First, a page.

With the explosion, the play lifts into a nightmarish atmosphere in complete opposition with the realism of the first part. Blasted's anti-naturalism was what confused most critics, Kane says 'I suspect that if Blasted had been a piece of social realism it wouldn't have been so harshly received [6-44]'. She argues that 'the element that most outrages those who seek to impose censorship is form. Beckett, Barker, Pinter, Bond - they have all been criticised not so much for the content of their work, but because they use non-naturalistic forms that elude simplistic interpretation [6-45]'. A realist play makes no demands on its spectators and, as it was seen previously, Kane's aim is to make the spectators react. She says that 'directors frequently think the second half of Blasted is a metaphor, dream, nightmare', and that it is somehow more abstract than the first half, whereas she thinks that to make people aware of the threatening reality of war, the second part should even more realistic: 'In a production that works well, I think the first half should seem incredibly real and the second half even more real. Probably, by the end, we should be wondering if the first half was a dream [6-46].
In the second part, the intimate atmosphere is perverted by the invasion of the outside: the soldier was an element coming from the outside but the bomb widens the breach. This brutal invasion of the outside symbolises the link between the personal and the general. At first the outside was only a threatening presence which expressed itself by the knocks at the door or the noise made by a car in the street, but then it comes on the first ground. Tabert says 'Dehors, devant la porte, il y a le monde extérieur, auquel colle d'emblée [...] et dés la première scène, une existence anonyme et fantomatique, quelque chose de singulièrement menaçant qui va se concrétiser [6-47]'. But the soldier brings with him a terrifying world of violence. It is as though the rape has also destroyed the world outside the room. By linking the personal with the general, Kane shows that private violence gives birth to a generalised one. Tabert says 'Kane montre comment sans rupture une agression latente s'évase vers l'extérieur, vire au monstrueux, à chaque moment et partout [6-48]'. That is why the two couples Ian/Cate and Ian/the soldier function in a mirror effect. Ian's brutality anounces the events to come and after the explosion, the soldier repeats what has been done previously.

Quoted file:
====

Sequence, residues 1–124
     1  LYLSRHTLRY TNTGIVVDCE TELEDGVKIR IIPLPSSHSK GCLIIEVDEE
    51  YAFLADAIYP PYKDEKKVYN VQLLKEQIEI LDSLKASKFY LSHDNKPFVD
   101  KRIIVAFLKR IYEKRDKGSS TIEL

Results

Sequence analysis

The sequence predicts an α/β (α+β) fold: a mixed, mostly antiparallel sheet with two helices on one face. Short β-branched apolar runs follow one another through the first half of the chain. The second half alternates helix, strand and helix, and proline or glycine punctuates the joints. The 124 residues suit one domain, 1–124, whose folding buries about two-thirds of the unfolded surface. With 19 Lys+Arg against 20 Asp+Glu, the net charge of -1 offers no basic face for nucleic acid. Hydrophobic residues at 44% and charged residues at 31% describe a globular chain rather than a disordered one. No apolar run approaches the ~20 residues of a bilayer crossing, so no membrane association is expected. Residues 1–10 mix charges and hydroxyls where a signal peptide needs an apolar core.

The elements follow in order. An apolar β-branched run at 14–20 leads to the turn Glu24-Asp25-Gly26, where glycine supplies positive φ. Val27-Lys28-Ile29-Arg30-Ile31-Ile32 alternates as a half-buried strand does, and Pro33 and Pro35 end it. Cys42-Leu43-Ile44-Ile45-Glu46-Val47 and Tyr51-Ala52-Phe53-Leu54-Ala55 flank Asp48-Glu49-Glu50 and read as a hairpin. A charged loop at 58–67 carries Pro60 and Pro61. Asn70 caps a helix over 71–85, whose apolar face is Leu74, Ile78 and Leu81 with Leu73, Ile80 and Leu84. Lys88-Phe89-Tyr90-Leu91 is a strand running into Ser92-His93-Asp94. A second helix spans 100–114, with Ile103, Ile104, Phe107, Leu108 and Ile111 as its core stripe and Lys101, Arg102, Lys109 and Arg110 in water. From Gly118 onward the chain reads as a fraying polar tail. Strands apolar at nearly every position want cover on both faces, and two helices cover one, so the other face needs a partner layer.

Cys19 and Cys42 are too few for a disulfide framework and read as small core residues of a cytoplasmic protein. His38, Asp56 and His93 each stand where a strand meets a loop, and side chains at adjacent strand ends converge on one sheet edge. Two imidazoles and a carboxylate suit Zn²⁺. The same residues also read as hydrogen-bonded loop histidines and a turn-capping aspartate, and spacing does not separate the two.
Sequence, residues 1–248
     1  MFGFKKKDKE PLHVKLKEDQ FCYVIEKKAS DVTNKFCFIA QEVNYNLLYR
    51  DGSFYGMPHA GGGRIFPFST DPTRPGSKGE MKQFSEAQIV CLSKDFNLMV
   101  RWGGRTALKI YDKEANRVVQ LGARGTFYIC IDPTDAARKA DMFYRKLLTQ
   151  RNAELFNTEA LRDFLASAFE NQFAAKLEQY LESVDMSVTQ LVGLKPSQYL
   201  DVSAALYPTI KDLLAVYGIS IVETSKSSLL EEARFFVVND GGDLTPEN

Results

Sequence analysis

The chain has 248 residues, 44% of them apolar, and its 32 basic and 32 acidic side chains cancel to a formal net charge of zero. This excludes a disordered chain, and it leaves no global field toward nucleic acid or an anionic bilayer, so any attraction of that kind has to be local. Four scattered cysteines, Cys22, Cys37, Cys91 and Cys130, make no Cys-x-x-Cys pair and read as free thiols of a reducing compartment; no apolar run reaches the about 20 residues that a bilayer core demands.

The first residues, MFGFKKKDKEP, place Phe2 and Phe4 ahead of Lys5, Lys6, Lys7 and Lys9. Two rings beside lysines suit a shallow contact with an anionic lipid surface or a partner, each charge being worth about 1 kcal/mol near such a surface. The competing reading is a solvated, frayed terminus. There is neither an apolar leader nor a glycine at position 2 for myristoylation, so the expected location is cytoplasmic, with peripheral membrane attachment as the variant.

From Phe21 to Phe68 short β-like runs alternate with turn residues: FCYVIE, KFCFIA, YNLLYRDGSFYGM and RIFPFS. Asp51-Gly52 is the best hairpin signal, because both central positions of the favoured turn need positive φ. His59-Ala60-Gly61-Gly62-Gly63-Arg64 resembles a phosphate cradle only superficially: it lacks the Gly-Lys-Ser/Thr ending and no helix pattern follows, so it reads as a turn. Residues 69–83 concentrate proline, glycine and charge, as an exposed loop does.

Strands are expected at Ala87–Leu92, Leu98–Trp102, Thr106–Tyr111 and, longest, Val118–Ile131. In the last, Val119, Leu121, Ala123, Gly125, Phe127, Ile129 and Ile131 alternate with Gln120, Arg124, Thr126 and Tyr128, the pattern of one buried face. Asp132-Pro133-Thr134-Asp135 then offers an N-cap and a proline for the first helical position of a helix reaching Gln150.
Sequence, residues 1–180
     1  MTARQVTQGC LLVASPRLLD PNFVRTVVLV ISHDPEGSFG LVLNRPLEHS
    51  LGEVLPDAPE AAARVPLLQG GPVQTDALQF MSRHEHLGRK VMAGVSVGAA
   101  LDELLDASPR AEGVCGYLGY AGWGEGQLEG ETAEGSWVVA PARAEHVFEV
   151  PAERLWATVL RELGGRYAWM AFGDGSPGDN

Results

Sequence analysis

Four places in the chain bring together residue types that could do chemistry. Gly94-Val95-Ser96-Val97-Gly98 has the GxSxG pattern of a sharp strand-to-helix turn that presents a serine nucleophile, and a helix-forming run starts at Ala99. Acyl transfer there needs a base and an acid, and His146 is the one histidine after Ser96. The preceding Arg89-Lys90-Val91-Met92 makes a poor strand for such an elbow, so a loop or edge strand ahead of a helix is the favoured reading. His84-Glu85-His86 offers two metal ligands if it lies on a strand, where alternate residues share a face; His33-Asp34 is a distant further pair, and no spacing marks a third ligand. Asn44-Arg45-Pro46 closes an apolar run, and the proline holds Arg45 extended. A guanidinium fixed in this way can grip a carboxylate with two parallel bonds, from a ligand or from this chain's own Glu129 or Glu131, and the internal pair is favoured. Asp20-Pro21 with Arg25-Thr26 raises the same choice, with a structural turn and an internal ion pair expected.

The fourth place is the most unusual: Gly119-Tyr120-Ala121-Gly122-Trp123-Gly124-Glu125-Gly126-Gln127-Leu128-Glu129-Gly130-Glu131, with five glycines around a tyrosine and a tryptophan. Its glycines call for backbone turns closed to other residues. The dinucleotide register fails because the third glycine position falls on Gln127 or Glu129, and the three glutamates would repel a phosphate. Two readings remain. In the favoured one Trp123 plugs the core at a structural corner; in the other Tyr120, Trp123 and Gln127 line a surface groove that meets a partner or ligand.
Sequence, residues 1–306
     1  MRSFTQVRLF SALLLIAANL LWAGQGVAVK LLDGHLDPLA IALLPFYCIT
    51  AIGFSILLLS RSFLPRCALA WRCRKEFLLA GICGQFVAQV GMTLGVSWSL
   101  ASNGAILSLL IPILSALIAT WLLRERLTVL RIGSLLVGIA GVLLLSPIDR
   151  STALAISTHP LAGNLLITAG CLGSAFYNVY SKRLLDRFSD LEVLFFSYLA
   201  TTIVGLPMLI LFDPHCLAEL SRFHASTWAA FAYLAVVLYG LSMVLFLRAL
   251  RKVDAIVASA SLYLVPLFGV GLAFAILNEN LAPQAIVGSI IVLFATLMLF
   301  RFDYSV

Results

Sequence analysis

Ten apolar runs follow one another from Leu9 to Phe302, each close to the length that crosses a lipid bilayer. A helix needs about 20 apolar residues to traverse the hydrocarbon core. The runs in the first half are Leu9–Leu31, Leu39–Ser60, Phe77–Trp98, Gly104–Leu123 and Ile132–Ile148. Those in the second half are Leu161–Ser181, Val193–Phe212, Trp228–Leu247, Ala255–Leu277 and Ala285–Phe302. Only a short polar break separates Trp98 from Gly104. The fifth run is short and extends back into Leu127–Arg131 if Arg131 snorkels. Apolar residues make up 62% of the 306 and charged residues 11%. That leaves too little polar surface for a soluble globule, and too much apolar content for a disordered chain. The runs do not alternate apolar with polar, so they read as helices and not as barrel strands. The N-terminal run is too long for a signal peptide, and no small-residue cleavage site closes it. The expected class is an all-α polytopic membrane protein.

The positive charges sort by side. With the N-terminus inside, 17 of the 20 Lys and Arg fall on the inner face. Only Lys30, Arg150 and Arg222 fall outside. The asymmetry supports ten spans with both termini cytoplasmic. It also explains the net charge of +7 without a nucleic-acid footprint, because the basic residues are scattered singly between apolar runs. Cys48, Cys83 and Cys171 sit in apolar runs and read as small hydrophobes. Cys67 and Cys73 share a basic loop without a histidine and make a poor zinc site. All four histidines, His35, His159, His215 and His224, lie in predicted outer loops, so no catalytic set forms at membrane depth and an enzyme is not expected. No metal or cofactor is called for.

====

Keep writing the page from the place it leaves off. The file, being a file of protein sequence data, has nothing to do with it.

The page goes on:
Therefore, not only does Blasted's title refer to the story but to the form of the play. This exploded form challenges the rules of the classical theatre. While writing Blasted, Kane 'had a conversation with David Greig about Aristotle's units - time, place and action [6-49]'. Greek theatre was based on the Aristotelian rules according to which the play should consist in one plot, taking place into one place, during one day, and Aristole remained the reference for centuries. But Kane wanted to transmit the idea that the story of Blasted could happen anywhere at anytime. She says 'I thought: "OK, what I have to do is keep the same place but alter the time and action." Or you can look at it another way: that the time and the action stay the same, but the place changes [6-50]'. To keep a unity of space means to break the geographical distance. Kane says 'l'unité de lieu évoque l'idée d'un simple mur de papier qui séparerait la sécurité et la civilisation de l'Angleterre tranquille de la violence et du chaos de la guerre civile. Un mur qui pourrait être déchiré, sans prévenir, à tout moment [6-51]'.
Finally, the form of Blasted symbolises what it is about, that is to say war. She says 'War is confused and illogical, therefore it is wrong to use a form that is predictable [6-52]'. And she explains, 'la forme est directement parallèle a la vérité de la guerre qu'elle décrit - une forme traditionnelle est soudainement et violemment interrompue par l'irruption d'un élément inattendu qui, sans explication logique, entraîne les personnages et la pièce dans une dépression chaotique [6-53]'. That is why she chose an explosion to link the two parts. In early drafts, Ian merely hallucinated the soldier and she 'needed an event'. She says: 'I thought: "what this needs is what happens in war - suddenly, violently, without any warning, people's lives are completely ripped to pieces"'. So she decided, 'I'll plant a bomb, just blow the whole fucking thing up. And I loved the idea of that [...]. Just blowing the set [6-54]'. Kane says that during war, 'people's lives are thrown into complete chaos with absolutely no warning whatsoever [6-55]' and it is what the characters experience. But the most interesting of it is that the play also puts the spectators in the same situation by blowing their landmarks. Kane explains that in its second half, the play collapses, 'putting the audience through the experience they have previously only witnessed [6-56]'.